The Drake Group recently issued a comprehensive statement on how to implement a system which fairly balances institutional and college athlete NIL rights: Compensation of College Athletes Including Revenues Earned from Commercial Use of Their Names, Images and Likenesses and Outside Employment.  We hope that college athletes can benefit from this or a similar system imposed by Congress. The Drake Group continues to believe that only Congress can play the role of unbiased referee in designing a system that fairly balances institutional and college athlete interests and only Congress can provide a limited antitrust exemption that may be required to ensure that educationally sound NIL standards are not undermined by antitrust litigation. We strongly believe Congressional intervention is warranted because the NCAA has consistently placed its members’ institutional interests above athletes’ interests. We believe Congress is in a better position to protect the academic, health and economic welfare of college athletes.

Ridpath also cautioned, “This one as yet unfulfilled NCAA promise of future fairness related to the economic treatment of college athletes should not deter Congress from undertaking a long overdue comprehensive examination of the need for extensive NCAA reform. There are huge issues that continue to be unaddressed by the NCAA such as:

  1. An unsustainable intercollegiate athletics economic system that results in the growth of non-athlete student debt from mandatory student fees and tuition increases affected by institutional subsidies of athletics.
  2. The unprecedented escalation of collegiate head and assistant coach and athletic director salaries inappropriate for tax-exemption institutions of higher education.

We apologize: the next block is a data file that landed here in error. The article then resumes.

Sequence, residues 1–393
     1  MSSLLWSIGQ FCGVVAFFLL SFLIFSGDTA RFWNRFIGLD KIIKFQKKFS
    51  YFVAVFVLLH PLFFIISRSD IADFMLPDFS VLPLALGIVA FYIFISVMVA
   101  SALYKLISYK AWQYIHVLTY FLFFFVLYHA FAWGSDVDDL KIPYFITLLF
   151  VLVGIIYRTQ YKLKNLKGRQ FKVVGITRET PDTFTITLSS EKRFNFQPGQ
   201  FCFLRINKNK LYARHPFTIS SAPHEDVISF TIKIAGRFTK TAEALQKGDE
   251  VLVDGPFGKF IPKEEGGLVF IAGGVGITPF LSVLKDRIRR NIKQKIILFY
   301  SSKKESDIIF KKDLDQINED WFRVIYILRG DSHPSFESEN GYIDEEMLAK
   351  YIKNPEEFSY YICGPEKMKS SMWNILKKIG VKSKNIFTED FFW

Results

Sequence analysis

3. A Division I recruiting arms race building spree on lavish athlete-only facilities that further isolates athletes from the rest of student body and a normal college educational experience.
  4. Academic fraud and other academic improprieties within athletic departments including extensive recruiting of underprepared athletes who do not meet published institutional admissions standards, practices that threaten the academic integrity of institutions of higher education.
  5. Athletic departments and the NCAA not using their power and financial resources to address the health, medical and safety needs of college athletes.

Regular athletics scandals continue to blight the reputations of the country’s most respected institutions of higher education. The Congress that provides $130 billion in annual higher education funding including $29 billion in Federal Pell Grants has a responsibility to investigate these issues.”

[1] NCAA Division I 2019-20 Manual, p. 3, Sec. 2.3.

[2] Ibid, Sec. 2.2

[3] Sara Ganim and Devon Sayers, UNC report finds 18 years of academic fraud to keep athletes playing. CNN (October 23, 2014). Retrieve at:

[4] Wendell Barnhouse. NCAA rulings on amateurism called ‘absurd,’ ‘inconsistent’ Global Sport Matters. Arizona State University. (May 22, 2018) Retrieve at: